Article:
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Kamchatka

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Thermal and Mineral Springs

Tourism in Russia > Kamchatka >Thermal and Mineral Springs

Thermal and Mineral Springs

Kamchatka's aboriginal people have always considered hot springs, geysers, volcanoes and even waterfalls somewhat inauspicious. The natives were reluctant not only to swim in these "dwellings of the evil spirits," but even to approach them. But the explorers, the pioneers, and the first Russians were immediately attracted to the healing powers of Kamchatka's springs.

Almost 300 sources of mineral water with therapeutic properties capable of treating many ailments have been discovered on Kamchatka. However, the majority of thermal and mineral springs is located in the remote, wild, and undisturbed corners of this land, and remains hidden. Those springs that have been found and developed now welcome visitors all year round. The best known and easily accessible are the Khodutkinsky, Nalychevsky, Bystrinsky, Timonovsky, Opalinsky, and the Nachikinsky Springs. Two major areas famous for their spas and resorts have been created. One of them is Malkinskaya (where the popular mineral water has been bottled for many years); the other is Paratunskaya, a mineral spring known well beyond Kamchatka.

Kamchatka enthusiasts will always ask recent visitors to the peninsula if they have swam in the Paratunka River.

Today the picturesque Paratunka River valley is home to over 20 resorts and lodges. They are located approximately 60 km (37 miles) from the city of Petropavlovsk-Kamchatsky and are close to a great number of therapeutic and relaxing hot springs. The climate here is milder than in other parts of the peninsula: in the winter the temperatures are not very harsh, the wind is not so strong, and the ground is covered with a deep and soft blanket of snow. The natural hot springs in the valley are grouped in several clusters: the Upper Paratunsky, the Middle Paratunsky, and, the most popular springs, the Lower Paratunsky. The village of Paratunka is located near the Lower springs. The river and the village were named after one of the toyons, the Koryak and Itelmen family clan leaders.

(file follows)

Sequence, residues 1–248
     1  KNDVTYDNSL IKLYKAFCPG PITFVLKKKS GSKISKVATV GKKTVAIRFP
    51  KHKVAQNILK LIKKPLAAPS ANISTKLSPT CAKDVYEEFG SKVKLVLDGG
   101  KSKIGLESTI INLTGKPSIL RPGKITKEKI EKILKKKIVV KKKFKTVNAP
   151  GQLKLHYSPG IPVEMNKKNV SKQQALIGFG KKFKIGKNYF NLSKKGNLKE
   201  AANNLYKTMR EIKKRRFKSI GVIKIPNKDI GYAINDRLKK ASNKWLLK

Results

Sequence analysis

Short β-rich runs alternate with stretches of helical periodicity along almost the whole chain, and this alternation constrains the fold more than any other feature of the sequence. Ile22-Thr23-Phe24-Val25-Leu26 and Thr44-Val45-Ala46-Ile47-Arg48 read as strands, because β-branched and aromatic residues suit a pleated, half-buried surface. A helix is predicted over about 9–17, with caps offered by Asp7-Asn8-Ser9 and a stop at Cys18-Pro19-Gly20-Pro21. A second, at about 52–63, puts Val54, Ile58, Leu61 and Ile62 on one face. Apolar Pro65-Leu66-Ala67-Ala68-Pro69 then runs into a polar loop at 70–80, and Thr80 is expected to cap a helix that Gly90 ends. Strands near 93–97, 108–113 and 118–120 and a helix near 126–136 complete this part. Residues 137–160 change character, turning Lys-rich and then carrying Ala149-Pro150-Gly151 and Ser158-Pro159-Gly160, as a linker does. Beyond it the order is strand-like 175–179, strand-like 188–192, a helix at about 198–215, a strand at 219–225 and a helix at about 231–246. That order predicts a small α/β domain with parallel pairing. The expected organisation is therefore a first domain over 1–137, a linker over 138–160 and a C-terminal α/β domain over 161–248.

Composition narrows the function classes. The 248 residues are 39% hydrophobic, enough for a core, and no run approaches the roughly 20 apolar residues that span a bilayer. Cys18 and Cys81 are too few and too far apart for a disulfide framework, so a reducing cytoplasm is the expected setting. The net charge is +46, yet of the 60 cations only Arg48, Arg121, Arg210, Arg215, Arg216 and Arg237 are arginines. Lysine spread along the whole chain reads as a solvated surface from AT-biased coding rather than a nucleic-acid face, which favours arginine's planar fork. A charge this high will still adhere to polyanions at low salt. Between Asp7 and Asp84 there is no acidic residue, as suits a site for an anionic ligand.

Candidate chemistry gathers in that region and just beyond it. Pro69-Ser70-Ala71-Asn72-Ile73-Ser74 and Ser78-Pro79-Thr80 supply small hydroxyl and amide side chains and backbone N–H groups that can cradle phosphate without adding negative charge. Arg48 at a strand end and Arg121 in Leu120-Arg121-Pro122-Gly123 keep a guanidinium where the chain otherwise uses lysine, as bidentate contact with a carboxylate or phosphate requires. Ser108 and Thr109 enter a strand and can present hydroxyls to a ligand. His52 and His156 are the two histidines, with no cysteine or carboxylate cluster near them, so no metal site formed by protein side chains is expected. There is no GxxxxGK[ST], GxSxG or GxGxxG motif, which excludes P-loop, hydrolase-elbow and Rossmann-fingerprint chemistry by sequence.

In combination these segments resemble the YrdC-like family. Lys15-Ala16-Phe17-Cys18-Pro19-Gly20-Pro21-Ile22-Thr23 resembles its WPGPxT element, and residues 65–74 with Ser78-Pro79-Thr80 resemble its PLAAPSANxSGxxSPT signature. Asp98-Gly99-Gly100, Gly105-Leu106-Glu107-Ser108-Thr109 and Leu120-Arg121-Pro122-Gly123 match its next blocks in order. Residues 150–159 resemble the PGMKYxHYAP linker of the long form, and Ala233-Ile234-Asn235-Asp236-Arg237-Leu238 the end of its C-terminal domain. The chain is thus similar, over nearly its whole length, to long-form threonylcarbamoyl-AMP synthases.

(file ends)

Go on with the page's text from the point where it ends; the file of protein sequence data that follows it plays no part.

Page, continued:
Some of the underground waters have been reached by drilling and are as hot as 92°C (198°F). however, most of the springs are not thot hot, usually 35 to 45°C (95 to 113°F). The mineral content of the water here is about two grams per liter and is composed primarily of chlorine-sulfate, sodium, and quartz. The gas here is nitrogen-based.

Health conditions that are successfully treated at the Paratunka hot springs include cardio, dermatological, gynecological, urological, neurological and non-tuberculosis respiratory system disorders, as well as problems with joints, bones, muscles, and the upper-respiratory system.

Another attraction of this place is the therapeutic mud of the Utinoye Lake.

 
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